Foreman gives wrong verdict for human trafficking accused
There was confusion in the Home Circuit Court yesterday when the foreman of the jury was asked to give the verdict in relation to one of three persons charged with trafficking in persons.
The foreman first said that the jury had found businesswoman Hermalinda Parker not guilty of the charge.
However, one of the jurors blurted out that it was not the correct verdict. The foreman, after further consultation, gave the correct decision that there was a divided verdict.
"This type of error happens from time to time and it is time jurors are given the opportunity to record and sign their verdicts so that there will be no
further mistakes," a policeman remarked.
The policeman suggested that when the jurors return from their deliberations, then the document with the verdict should be handed to the clerk, who would then announce the verdict.
"If one of the jurors had remained silent, then the wrong verdict would have been given," the policeman said.
A retrial has been ordered for Parker and her husband, Anthony, both of whom are accused of human trafficking.
They have been remanded to return to court on May 6, when bail applications will be made for them.
Lyn Scantlebury, daughter of Hermalinda Parker, who faced trial with the couple, was freed of the charge.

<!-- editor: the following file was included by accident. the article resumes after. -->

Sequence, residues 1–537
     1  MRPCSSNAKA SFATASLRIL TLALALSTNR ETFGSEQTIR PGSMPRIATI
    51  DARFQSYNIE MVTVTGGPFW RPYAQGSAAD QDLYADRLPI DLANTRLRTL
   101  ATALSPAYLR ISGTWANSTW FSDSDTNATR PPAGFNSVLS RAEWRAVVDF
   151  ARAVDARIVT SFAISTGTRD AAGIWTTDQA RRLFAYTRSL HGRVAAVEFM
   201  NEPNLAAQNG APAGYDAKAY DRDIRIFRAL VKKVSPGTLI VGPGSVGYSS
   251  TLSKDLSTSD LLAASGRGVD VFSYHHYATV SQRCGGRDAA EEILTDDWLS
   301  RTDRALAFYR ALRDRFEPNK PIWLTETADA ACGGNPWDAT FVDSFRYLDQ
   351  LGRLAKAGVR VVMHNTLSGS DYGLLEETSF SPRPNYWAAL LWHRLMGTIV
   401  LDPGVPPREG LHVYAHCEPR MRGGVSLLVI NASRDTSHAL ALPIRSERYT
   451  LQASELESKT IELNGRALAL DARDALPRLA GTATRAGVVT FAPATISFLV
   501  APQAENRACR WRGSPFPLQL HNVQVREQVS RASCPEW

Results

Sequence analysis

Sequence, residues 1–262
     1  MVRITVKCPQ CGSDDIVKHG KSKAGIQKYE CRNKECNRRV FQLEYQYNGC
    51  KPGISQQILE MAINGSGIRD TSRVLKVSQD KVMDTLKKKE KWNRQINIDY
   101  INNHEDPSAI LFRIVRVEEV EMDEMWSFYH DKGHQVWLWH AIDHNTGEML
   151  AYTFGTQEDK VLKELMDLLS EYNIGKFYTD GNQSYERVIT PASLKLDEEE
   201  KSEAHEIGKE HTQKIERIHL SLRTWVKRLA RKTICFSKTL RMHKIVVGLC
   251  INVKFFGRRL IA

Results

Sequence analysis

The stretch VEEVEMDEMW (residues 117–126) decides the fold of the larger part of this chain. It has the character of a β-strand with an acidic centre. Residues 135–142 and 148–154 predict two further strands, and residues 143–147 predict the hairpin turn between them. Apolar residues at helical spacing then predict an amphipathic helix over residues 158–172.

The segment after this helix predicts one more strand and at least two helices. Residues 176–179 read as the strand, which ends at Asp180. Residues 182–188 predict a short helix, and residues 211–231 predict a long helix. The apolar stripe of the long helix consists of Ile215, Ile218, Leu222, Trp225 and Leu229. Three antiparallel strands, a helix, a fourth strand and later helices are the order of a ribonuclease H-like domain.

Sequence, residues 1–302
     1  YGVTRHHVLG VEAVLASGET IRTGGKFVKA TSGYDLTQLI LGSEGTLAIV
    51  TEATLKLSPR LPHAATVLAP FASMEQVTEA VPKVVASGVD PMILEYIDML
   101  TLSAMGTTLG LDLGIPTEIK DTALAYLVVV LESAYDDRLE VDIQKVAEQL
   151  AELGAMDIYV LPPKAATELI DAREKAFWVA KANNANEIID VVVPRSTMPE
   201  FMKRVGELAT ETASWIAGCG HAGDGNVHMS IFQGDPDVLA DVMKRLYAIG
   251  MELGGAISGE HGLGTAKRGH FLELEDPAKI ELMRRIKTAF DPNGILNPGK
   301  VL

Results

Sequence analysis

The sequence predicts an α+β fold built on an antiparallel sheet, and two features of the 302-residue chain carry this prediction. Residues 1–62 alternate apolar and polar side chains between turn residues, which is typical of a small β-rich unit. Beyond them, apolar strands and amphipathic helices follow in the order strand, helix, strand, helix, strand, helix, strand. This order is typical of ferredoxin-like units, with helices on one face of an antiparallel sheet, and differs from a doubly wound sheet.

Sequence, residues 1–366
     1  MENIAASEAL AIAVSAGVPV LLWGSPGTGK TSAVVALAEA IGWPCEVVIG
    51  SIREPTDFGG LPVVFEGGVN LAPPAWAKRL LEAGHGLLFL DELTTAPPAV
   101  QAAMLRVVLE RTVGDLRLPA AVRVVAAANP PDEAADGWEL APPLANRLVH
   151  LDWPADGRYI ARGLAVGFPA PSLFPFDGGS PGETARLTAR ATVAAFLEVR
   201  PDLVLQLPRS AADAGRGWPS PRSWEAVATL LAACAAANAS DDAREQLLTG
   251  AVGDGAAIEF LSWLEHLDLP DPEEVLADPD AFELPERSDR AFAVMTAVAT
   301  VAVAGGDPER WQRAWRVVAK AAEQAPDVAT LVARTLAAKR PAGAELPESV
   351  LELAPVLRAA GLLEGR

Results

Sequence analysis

Justice Jennifer Straw presided over the trial which lasted for seven weeks.
The jury deliberated for more than five hours before handing down the verdict.
forced to work
The Crown, represented by prosecutors Lisa Palmer Hamilton, Adley Duncan and Gavin Stewart, led evidence that young girls were recruited from abroad and were forced to work at the Latin Movement Nightclub at the Dunrobin Plaza in St Andrew. Hermalinda Parker and her husband were the registered owners of the nighclub.
The complainants did not return for the trial and so the statements were tendered in evidence. The Crown could only proceed with one of the charges.
The three were charged with two counts of trafficking in persons, two counts of conspiracy to commit trafficking in persons and two counts of withholding travel documents.
Following no-case submissions made by defense lawyers Christopher Townsend and Kaysian Kennedy, who represented Hermalinda Parker, and Nadine Atkinson Flowers, who along with Queen's Counsel George Soutar represented Scantlebury and Anthony Parker, five of the charges were withdrawn.
Straw directed the jury to return formal verdicts of not guilty in respect of those charges.